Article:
In the world of Martial Arts words and concepts like strength, honor, and humility are thrown around as the hallmark of arts and gyms around the world. The truth is that those that seek to learn martial arts, in modern times, are looking to fill some sort of insecurity. They are looking to learn how to dominate another man. Those that find their identity in their martial art, especially the competitive arts, tend to have the athlete's lust for the cheering crowd, with a healthy dose of this insecurity that drove them not only to the martial arts, but to use their art to actually step on to the competition field and test themselves.
The training atmosphere of a competitive gym forges friendships and trust within the group. You must trust one another to let go when someone taps out. You must trust that your partner won't knock out completely out when a lesser skilled fighter trains with the more skilled fighter. A mutual respect grows, as well as a sense of loyalty. When someone in the group does something that you don't expect, a feeling of betrayal is felt. Just as if a loved one did something to deeply wound you, the sense of betrayal is intense and deep. Couple that with the inborn insecurity that pulls the martial artist to the arts, and you have a bunch of guys who act like kindergartners when something does not go their way.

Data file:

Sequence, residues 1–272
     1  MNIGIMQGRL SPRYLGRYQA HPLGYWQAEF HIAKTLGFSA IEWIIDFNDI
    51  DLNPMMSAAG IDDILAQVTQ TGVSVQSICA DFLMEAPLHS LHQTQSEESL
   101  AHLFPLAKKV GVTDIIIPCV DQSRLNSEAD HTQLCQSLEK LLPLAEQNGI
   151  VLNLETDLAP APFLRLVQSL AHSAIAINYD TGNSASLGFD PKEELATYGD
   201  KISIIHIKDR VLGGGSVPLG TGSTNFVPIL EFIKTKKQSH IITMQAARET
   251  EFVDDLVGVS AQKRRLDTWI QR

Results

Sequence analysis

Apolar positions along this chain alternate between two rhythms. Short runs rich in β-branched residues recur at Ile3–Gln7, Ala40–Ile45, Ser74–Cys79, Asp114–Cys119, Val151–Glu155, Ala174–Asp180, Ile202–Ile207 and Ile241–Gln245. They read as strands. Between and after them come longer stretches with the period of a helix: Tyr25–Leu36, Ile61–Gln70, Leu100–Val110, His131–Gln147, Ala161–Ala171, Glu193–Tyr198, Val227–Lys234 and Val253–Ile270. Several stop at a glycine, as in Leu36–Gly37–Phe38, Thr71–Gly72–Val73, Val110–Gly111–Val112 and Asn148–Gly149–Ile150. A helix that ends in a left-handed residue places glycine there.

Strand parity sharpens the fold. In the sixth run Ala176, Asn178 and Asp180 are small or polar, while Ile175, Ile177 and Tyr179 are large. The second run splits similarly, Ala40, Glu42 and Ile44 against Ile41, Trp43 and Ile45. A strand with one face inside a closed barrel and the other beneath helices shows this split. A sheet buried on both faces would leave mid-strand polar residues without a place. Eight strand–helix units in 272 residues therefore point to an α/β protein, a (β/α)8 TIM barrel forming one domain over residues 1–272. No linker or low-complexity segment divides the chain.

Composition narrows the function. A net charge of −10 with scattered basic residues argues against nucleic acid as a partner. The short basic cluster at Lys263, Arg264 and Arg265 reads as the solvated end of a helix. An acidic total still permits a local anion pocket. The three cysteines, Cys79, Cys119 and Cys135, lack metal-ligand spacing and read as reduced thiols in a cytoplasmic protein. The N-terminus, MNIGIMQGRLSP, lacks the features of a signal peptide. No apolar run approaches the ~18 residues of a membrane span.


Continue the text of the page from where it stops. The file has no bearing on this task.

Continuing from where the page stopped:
Thus we have the situation at my gym... Very much he said she said at this point, but what it boils down to is that the owner of the gym will not pay for something, unrelated to work or fighting, that one of the instructors thinks they should pay for. Feelings are hurt, and the instructor has decided to leave the gym. Bad blood all around. Both the owner and the instructor are feeling the sting of deep betrayal.
What sucks is that it is the members and fighters of the gym that will suffer, as we loose a friend and a mentor. What started out as such a great place with world class instruction in the stand up and the ground arts, has become just another gym.
In an earlier post, I remarked how good it was to be learning again from the source. In Muay Thai I was learning from a world champion, as well as a guy who has trained and fought in Thailand. In BJJ I was training with a guy who is a black belt from one of the best and well respected schools in Brazil. With the Muay Thai instructor leaving, the Muay Thai instruction comes from just another MMA fighter who has trained some kicks. It is not Muay Thai. It is MMA "Stand up", or Kickboxing heavily flavored with a reluctance to clinch brought on by the fear of the take down. In other words... Nothing special, nothing unique.
Unfortunately, all of this could have been avoided, had the owner of the gym clearly stated his expectations for the instructor, or if the instructor could see the point of view of the gym owner. Instead, they both decided to put on their fighter faces and become immovable objects. One must dominate the other, and the situation has tore the special uniqueness of the gym apart.
To me, now, this is just another BJJ gym. Sure, I like the instruction. I will most likely stay there, but I am unsure if I will stay in what was the Muay Thai class. I really don't see why I should pay the extra money for a class with an instructor who has less experience that I do. The cost that I pay for the kickboxing classes is significant, and without the world champion there to train with what is the extra value that I get? I am glad I only did a three month contract. I will train with the MMA guy, and see if I want to stick with it at the end of the summer.